Mark Booth / <cite>The Secret History of the World</cite>

His contemporary, the playwright Ben Jonson, said sneeringly of William Shakespeare that he knew 'small Latin and less Greek'. How could such a man have created a body of work, saturated in all the erudition of the age?

Many great contemporaries have pushed forward as the true author of Shakespeare's plays, including his patron, the seventeenth Earl of Oxford, Christopher Marlowe [...], and latterly the poet John Donne. [...]

But the most popular candidate is, of course, Francis Bacon.

Mark Booth / <cite>The Secret History of the World</cite>

The idea that the world famous plays were written by an illiterate from Stratford-upon-Avon called William Shakespeare is patently ridiculous and, like so much accepted ‘truth’, does not survive the most basic research. Shakespeare, the ‘Bard’, grew up in Stratford, a town with no school capable of communicating such a high degree of learning. His parents were illiterate and he showed a total disregard for study.

David Icke / <cite>The Biggest Secret</cite>

Who was this Edward de Vere, Queen Elizabeth’s greatest courtier and the Jesuits’ greatest enemy; this patriot responsible for the execution of Jesuit Parsons,thus having foiled the Pope’s plots to overthrow England’s greatest Monarch? He was none other than the one we know today as “William Shakespeare.” For,

. . . it has become impossible to hesitate any longer in proclaiming Edward de Vere, Seventeenth Earl of Oxford, as the real author of ‘Shakespeare’s’ works.”

And why would the true authorship of the works of “Shakespeare” be suppressed to this day? Because this Protestant, Bible-reading, honourable English knight, the enemy of the Jesuit Provincial Henry Garnet and greatest swordsman of the realm, used his pen—mightier than his sword—to thwart the designs of the Jesuits as they attempted to destroy the Reformation, wrought by the Spirit of God, and to restore the Temporal Power of the Pope over Britain. With their tool, William Cecil—who openly displayed prayer beads while a Catholic advisor during the reign of Queen Mary I of England (“Bloody Mary”), who always attempted to please the Jesuits’ Philip II, who advised Elizabeth to marry the Catholic Archduke Charles of Austria (known also as Charles of Styria, being the son of the Holy Roman Emperor, Ferdinand I) rather than Protestant Leicester and who hired the Jesuit Henry Garnet to spread a nasty rumor about Edward de Vere—the Sons of Loyola robbed “the Red Knight” of his eighty-six landed estates. They also robbed him of his right to the throne and, through both William Cecil and Masonic Francis Bacon (the reputed father of the Craft in England), destroyed the memory of his great name, continuing to perpetuate the damnable lie that some illiterate, money-hungry, grain dealer of Stratford-on-Avon wrote the masterpieces of the man whom the British Empire has voted “the most important personality of the last millennium.”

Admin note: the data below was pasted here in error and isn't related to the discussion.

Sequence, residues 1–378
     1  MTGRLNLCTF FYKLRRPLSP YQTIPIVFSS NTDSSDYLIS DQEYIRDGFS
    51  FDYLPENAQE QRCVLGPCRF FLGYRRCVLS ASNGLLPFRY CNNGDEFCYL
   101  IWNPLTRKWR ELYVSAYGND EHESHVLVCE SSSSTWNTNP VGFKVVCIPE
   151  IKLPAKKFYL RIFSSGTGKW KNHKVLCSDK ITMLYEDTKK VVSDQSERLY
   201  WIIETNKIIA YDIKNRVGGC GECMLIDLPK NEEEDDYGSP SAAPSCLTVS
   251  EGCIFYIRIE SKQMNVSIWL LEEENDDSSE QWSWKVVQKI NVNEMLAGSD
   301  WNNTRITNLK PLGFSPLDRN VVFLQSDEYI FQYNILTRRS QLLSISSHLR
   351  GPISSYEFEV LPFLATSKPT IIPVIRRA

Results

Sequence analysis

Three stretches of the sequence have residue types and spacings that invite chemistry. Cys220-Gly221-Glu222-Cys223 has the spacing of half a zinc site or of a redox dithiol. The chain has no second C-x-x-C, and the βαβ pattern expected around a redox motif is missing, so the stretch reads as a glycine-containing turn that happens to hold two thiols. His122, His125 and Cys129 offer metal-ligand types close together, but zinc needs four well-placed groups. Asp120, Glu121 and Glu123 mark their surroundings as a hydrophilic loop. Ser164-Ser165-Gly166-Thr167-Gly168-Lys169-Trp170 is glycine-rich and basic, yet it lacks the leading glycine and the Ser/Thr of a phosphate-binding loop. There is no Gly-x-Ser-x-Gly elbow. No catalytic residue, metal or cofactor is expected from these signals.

Eric Jon Phelps / <cite>Vatican Assassins</cite>